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    NewsLatin America's commitment to the left will have a short honeymoon

    Latin America’s commitment to the left will have a short honeymoon

    BOGOTA — In Chilia tattooed-arm politician and former student activist won the presidency by promising to oversee the deeper transformation that has been raised in Chilean society for decades, expanding the social safety net and transferring the tax burden to the rich.

    In Peruthe son of a poor peasant was propelled to victory by promising to put troubled families first, feed the hungry, and right the wrongs. old disparities in access to health care and education.

    In Colombiaa veteran senator and former guerrilla fighter was elected as the country’s first left-wing president, promising to defend the rights of indigenous, black, and poor Colombians, while building an economy that works for all.


    Gustavo Petro, left, and his running mate Francia Márquez after winning a runoff at the election night venue in Bogotá, Colombia, Sunday, June 19, 2022. AP Photo/Fernando Vergara.

    “A new story for Colombia, for Latin America, for the world,” he said in his victory speech, amid thunderous plause.

    After years of leaning to the right, Latin America is hurtling to the left, a watershed moment that began in 2018 with the election of Andres Manuel Lopez Obrador in Mexico and could culminate in the victory, later this year, of a leftist candidate in Brazilwith which the six largest economies in the region would be run by political leaders elected by their left-wing platforms.

    A combination of forces has brought this new group to power; one such factor is the animosity against traditional politicians that has been fueled by outrage over the chronic poverty and inequality, conditions that have only been exacerbated by the pandemic and have deepened frustration among voters who have projected their outrage against establishment political candidates.

    But just as the new leaders gain a foothold in office, their campaign promises have run into a grim reality, marked by a European war that has skyrocketed the cost of everyday goods — from fuel to food — worsening the living conditions of already suffering constituents and diminishing much of the goodwill that presidents used to enjoy.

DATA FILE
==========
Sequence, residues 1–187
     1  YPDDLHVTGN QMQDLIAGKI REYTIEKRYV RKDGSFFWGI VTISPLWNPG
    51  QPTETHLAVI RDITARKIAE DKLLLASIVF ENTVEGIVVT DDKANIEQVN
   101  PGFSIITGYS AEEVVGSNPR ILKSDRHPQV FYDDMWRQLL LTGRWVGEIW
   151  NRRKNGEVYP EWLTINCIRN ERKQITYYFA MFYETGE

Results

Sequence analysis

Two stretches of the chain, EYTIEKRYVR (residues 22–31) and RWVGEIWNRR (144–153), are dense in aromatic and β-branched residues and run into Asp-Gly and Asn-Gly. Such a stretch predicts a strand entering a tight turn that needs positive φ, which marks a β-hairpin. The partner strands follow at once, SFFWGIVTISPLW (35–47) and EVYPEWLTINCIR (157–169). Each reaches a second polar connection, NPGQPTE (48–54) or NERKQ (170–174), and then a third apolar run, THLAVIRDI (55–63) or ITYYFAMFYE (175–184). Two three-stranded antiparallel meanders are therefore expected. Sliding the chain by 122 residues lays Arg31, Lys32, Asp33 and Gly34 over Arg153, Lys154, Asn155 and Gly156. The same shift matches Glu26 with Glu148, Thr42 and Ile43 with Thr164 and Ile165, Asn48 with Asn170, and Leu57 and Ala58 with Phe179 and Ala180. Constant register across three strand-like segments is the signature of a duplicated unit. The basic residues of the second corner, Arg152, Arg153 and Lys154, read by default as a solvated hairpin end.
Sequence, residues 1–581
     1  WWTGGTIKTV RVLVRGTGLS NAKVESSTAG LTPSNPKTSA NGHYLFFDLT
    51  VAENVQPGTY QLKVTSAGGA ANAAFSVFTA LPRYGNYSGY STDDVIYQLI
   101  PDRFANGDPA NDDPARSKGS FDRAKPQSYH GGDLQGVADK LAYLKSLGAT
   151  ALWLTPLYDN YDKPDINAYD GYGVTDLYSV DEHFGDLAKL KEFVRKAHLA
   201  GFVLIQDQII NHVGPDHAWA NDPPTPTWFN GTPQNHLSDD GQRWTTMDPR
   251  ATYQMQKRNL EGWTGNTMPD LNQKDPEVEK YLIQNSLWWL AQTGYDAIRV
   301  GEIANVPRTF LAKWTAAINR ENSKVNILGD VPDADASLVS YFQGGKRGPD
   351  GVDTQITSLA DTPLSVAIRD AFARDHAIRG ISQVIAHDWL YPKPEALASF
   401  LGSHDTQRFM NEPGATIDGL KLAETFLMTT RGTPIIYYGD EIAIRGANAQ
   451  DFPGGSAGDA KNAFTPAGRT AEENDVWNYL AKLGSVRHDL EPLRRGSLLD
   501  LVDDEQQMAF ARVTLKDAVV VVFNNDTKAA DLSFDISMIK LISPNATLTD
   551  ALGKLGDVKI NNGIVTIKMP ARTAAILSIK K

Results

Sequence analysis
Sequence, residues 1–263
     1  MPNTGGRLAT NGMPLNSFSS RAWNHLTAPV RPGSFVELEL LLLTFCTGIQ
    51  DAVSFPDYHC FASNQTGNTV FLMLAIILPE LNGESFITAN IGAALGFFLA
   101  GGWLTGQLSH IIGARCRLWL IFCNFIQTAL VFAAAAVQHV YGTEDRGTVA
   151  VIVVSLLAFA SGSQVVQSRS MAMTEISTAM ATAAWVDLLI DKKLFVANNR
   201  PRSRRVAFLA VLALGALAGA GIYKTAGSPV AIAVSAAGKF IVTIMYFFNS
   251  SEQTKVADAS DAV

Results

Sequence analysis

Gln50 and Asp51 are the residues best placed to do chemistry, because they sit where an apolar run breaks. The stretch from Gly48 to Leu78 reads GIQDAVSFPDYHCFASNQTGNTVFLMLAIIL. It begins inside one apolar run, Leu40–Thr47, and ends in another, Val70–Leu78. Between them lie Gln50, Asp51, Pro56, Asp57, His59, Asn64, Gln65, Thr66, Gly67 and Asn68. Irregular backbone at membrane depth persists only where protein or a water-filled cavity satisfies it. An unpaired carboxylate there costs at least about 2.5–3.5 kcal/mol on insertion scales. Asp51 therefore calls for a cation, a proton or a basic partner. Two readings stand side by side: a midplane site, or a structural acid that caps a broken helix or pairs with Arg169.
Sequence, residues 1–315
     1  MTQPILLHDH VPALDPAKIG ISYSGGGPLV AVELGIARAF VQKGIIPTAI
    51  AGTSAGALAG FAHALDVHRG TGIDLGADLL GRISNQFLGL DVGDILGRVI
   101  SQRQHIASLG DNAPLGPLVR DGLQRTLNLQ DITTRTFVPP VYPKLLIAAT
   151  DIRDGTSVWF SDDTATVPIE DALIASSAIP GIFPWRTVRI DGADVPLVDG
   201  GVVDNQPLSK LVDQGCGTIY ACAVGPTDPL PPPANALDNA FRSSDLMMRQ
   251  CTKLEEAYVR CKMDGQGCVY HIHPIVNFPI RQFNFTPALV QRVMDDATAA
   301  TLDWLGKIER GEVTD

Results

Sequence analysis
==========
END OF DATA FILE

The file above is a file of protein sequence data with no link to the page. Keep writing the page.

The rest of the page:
The Chilean President, Gabriel Boric; the Peruvian president, peter castle Y Gustavo Petropresident-elect of Colombia, are some of those leaders who achieved victory with the promise of helping the poor and marginalized, but face enormous challenges in trying to fulfill the high expectations of the voters.

    Unlike today, the last significant wave of the left in Latin America, during the first decade of the millennium, was fueled by a commodity boom that allowed leaders to expand social programs and move extraordinary numbers of people to the middle class, raising the expectations of millions of families.

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    Now the middle class is receding, And instead of a boom, governments must deal with budget strains from the pandemic, runaway inflation fueled by the war in Ukraine, rising migration, and the increasingly dire economic and social consequences of climate change.

    In Argentinawhere the leftist Alberto Fernandez came to power in late 2019 under a right-wing president, protesters have taken to the streets amid rising prices.

    Even more massive protests recently erupted in Ecuadorthreatening the government of William Lasso, one of the few right-wing presidents to have been elected in the region.

    “I don’t want to be ocalyptic about it,” said Cynthia Arnson, a fellow at the Woodrow Wilson International Center for Scholars.

    “But, when you look at this, sometimes it feels like a Perfect storm because of the number of things that impact the region at the same time.”

    The rise of social media, which has the potential to fuel discontent and generate large protest movements, including in Chile and Colombia, has shown people the power of the streets.

    Starting in August, when Petro replaces its conservative predecessor, five of the region’s six largest economies will be run by leaders who campaigned from the left.

    The sixth, Brazil, could also swing to the left in the national elections in October.

    Polls show that the former president Luiz Inacio Lula da Silvaa fierce leftist, has a wide lead over the current right-wing president, Jair Bolsonaro.

    The new leaders in Colombia and Chile are much more socially progressive than the leftists of the past, calling for a change in the use of fossil fuels and advocate for the right to abortion at a time when the United States Supreme Court is moving that country in the opposite direction.

    But as a whole, this group is extremely heterogeneous, differing in everything from economic policies to their commitments to democratic principles.

    For example, Petro and Boric promised to expand social programs for the poor, while López Obrador, focused on austerity, is cutting public spending.

    What binds these leaders, however, are promises of radical change while, in many cases, they will face difficult and mounting challenges.

    In Chile, at the end of last year, Boric beat Jose Antonio Kasta right-wing politician associated with the Chilean dictator, Augusto Pinochetby promising to get rid of the neoliberal economic policies of the past.